Spray up

Keep the machine clean. Keep it clean so you can read the manometers and discover any leakage if it occur. Put a plastic bag over the machine, if anything else will do. Avoid overspray. Test the resin spray in the spray booth into a waste bucket, and the chopper into an cardboard box in a defined area. Don’t do tests on the floor, save the environment.

Calibrate and adjust the output of the machine according to the products to be sprayed. Remember that low pressure, big nozzle and short distance gives the lowest styren emission. Spray resin, with the tips on, into a waste bucket for 30 seconds. Weigh out the sprayed quantity, and adjust the pressure and the seize of the tip to the desired kg/min. A good value is for the 6000 machine about 4 kg/min and for the 8000 about 6 kg/min. Spray fibers into a waste box, calculate the output to kg/min, adjust the air to the chopper to give you the demanded glass content according to the resin amount. Do this calculation and calibration randomly under production, as most of the spray operators heve a tendency to spray too wet (low glass) laminates.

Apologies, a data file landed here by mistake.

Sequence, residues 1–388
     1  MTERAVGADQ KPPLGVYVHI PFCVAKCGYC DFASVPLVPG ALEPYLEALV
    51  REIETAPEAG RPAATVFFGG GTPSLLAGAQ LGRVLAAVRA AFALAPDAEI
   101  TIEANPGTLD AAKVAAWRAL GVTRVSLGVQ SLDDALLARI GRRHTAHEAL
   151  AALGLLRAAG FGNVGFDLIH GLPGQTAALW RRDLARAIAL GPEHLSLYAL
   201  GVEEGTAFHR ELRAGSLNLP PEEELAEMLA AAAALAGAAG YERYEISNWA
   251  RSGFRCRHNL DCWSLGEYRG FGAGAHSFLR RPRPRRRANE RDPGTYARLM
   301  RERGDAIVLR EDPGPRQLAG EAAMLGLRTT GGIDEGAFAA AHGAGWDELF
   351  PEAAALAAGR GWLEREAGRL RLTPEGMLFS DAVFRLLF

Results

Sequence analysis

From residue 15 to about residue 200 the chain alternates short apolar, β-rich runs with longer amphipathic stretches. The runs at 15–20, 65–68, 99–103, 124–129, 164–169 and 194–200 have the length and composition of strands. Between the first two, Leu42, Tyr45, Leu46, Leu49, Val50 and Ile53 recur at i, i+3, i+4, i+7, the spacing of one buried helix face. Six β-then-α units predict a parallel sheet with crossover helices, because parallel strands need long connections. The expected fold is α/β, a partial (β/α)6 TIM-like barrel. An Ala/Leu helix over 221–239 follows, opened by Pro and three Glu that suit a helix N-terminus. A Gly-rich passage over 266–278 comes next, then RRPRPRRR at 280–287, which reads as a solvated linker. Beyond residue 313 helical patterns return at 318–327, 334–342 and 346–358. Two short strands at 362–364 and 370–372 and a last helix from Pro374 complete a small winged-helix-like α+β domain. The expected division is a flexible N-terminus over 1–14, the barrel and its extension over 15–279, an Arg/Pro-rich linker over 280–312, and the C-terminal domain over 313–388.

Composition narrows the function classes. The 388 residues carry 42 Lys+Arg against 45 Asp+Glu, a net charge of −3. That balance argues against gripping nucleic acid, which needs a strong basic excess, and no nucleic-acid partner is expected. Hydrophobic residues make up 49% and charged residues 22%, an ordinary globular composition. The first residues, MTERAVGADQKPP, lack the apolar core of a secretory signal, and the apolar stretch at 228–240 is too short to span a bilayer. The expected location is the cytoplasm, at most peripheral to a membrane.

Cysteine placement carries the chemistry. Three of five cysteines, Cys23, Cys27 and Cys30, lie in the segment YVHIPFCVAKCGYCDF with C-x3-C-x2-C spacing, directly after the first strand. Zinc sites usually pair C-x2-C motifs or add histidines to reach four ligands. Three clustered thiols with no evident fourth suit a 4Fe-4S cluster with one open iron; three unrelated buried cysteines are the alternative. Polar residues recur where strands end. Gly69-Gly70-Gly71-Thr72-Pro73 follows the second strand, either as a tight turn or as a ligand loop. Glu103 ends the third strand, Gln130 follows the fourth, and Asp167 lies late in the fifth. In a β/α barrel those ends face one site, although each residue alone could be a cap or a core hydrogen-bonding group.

Adjust the angle of the glass ejector so that the fibres can be caught by the resin stream and wetted out on the way to the mould.

If glass is carried on top of the resin it will give uneven glass distribution and will also make the rolling out operation more laboursome.

Be observant so the fibres are not falling through the resin stream (snowing). That results in low glass loadings and contaminates the workshop.

As said before, minimize styren emission. Avoid overspray. As styren evaporates from wet surfaces, every drop of resin adds to the background emission. To minimize overspray use moulds with wide flanges or use temporary frames.
By using a temporary frame, well treated with relise agent, one can spray up close to “net shape” with a minimum of waste and overspray. This method is specially useful for medium and small seize mouldings.